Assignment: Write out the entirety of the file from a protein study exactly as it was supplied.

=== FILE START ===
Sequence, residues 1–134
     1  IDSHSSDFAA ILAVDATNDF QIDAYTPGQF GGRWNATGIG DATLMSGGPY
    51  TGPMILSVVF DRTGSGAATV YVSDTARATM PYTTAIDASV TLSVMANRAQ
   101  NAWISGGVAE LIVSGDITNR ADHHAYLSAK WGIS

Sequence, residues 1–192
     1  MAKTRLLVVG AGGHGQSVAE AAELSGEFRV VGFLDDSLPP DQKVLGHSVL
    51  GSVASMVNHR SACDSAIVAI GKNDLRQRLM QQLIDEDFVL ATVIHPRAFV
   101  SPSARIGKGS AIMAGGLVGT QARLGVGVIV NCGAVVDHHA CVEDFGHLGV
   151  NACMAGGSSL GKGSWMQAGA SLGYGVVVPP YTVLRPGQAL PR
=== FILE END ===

Sequence, residues 1–134
     1  IDSHSSDFAA ILAVDATNDF QIDAYTPGQF GGRWNATGIG DATLMSGGPY
    51  TGPMILSVVF DRTGSGAATV YVSDTARATM PYTTAIDASV TLSVMANRAQ
   101  NAWISGGVAE LIVSGDITNR ADHHAYLSAK WGIS

Sequence, residues 1–192
     1  MAKTRLLVVG AGGHGQSVAE AAELSGEFRV VGFLDDSLPP DQKVLGHSVL
    51  GSVASMVNHR SACDSAIVAI GKNDLRQRLM QQLIDEDFVL ATVIHPRAFV
   101  SPSARIGKGS AIMAGGLVGT QARLGVGVIV NCGAVVDHHA CVEDFGHLGV
   151  NACMAGGSSL GKGSWMQAGA SLGYGVVVPP YTVLRPGQAL PR